HALT stands for “Highly Accelerated Life Test”. It is a process applied during the development phase of a new product, to validate design robustness. It is most commonly used to identify potential weaknesses in electrical and electronic assemblies.
Following HALT appropriate design modifications are made so that volume manufacturing can begin with a mature product design, thus minimizing costly warranty issues and potentially disastrous product recalls.
The fundamental principle is to apply stepped applications of increasingly powerful environmental stresses until latent (i.e. hidden) defects are precipitated; these are then rectified and the modifications revalidated.
If a product has an intrinsic weakness, exposure to day-to-day operating conditions will eventually cause it to fail at that point of weakness. By careful application of increased stress levels in HALT, the time for that same failure to occur is dramatically reduced.
Very few product samples are needed and the process can be competed very quickly.
The most commonly applied stresses (but not exclusively) are thermal and broadband multi-axis random vibration. These are used individually and then in combination.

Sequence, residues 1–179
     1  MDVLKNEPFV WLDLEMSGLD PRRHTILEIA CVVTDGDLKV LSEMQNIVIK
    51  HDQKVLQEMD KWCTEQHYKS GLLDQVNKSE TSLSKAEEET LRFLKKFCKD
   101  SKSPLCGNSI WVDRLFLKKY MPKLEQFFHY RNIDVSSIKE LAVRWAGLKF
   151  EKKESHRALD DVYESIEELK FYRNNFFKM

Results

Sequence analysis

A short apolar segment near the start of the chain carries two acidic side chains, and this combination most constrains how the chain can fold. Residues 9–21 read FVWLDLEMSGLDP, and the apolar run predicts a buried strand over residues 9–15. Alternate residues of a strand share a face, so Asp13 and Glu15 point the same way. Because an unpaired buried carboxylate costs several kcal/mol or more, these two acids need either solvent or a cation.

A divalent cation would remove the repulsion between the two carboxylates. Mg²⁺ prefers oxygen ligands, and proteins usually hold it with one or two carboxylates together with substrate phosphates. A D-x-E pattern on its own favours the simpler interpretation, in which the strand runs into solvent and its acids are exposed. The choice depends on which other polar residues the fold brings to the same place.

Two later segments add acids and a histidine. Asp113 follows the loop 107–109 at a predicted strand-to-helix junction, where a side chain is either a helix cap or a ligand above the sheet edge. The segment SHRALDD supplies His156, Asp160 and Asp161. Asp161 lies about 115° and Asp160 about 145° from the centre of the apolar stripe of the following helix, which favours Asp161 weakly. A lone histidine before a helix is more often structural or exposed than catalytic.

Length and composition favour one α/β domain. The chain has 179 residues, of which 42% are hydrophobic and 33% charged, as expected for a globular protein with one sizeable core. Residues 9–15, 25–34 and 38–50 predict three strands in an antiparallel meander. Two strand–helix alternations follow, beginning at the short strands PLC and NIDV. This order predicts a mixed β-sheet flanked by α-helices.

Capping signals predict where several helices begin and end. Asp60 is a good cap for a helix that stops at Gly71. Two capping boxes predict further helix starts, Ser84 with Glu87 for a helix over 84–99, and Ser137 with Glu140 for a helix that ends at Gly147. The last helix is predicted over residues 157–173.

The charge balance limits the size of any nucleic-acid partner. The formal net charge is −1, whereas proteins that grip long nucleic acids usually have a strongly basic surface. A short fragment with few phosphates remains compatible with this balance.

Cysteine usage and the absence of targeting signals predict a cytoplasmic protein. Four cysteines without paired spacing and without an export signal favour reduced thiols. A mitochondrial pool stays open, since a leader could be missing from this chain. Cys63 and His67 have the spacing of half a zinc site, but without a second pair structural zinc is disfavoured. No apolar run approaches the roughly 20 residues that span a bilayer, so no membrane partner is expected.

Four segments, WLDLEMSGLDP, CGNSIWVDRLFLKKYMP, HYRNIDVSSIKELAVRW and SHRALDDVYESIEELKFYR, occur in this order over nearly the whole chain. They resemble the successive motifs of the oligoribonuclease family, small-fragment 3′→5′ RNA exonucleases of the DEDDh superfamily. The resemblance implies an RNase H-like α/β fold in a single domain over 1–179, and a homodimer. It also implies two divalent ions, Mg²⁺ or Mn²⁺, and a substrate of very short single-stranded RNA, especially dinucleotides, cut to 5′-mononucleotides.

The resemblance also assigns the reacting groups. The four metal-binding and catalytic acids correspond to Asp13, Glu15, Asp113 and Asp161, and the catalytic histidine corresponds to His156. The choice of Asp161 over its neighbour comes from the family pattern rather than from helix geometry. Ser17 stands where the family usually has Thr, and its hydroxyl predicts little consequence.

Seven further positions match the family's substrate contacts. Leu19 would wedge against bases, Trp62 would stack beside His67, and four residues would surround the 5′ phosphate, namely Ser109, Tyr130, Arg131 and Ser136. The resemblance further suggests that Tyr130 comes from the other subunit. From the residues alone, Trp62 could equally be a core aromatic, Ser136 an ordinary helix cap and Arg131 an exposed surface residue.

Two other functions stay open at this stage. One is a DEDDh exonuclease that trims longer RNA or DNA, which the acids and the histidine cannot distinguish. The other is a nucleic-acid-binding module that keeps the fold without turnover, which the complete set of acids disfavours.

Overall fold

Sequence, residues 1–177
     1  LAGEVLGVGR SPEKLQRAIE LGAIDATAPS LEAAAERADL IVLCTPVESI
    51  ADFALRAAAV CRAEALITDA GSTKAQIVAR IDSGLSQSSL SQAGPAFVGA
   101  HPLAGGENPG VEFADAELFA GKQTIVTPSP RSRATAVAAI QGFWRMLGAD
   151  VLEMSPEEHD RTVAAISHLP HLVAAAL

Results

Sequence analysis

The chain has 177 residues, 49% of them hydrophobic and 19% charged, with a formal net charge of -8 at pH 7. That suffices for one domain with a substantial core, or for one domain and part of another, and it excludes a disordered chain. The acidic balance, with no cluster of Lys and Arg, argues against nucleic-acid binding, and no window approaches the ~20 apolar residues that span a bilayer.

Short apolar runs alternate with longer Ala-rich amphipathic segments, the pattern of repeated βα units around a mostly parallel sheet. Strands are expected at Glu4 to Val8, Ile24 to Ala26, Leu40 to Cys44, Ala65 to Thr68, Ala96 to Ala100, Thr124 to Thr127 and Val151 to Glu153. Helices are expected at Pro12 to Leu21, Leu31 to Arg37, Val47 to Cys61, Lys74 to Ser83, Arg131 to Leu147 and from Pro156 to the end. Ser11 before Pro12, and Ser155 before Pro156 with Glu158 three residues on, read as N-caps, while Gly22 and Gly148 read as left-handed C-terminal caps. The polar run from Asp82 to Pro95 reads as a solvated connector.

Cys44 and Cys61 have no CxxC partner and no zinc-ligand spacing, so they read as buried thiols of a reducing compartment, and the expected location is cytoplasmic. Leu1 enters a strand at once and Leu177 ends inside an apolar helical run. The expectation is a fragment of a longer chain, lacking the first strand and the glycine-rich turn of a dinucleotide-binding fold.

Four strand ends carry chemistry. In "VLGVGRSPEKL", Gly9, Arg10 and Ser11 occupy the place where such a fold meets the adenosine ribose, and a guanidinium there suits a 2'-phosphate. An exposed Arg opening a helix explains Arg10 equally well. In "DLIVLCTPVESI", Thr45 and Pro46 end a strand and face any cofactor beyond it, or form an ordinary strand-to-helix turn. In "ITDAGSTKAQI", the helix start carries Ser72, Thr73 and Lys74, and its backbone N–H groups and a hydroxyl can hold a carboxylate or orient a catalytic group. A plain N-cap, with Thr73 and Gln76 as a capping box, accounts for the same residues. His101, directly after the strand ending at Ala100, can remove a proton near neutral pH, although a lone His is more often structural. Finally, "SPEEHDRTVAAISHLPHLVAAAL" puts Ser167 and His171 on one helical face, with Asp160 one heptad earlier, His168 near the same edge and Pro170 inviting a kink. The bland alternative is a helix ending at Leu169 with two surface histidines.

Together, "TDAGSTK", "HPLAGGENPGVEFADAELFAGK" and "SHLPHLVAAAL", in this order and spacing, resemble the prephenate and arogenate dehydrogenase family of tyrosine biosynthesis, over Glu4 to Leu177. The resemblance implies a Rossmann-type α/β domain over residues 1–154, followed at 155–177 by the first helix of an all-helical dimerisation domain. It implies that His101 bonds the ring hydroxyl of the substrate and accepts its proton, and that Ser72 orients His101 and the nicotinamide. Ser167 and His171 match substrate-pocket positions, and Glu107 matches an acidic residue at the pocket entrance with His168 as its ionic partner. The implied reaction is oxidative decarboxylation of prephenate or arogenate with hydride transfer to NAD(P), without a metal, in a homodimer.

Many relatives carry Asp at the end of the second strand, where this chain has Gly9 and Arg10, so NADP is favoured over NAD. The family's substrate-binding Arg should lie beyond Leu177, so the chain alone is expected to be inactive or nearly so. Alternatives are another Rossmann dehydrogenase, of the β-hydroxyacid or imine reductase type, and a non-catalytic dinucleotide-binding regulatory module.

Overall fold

There is no Industry Standard for HALT but the following stresses are usually applied to one or more functionally monitored test specimens until they cease to function:
- Progressive reduction in temperature to determine the lower operational limit and then the lower destruct limit
- Progressive increase in temperature to determine the upper operational limit and then the upper destruct limit
- Progressively more stressful thermal cycling at high, linear, rates of change of temperature
- Broadband random vibration at increasing intensity levels
- A combination of thermal and random vibration stresses
At each stage when a failure occurs, root cause analysis is performed, corrective action is implemented and the process continues until the fundamental limit of the product technology is reached.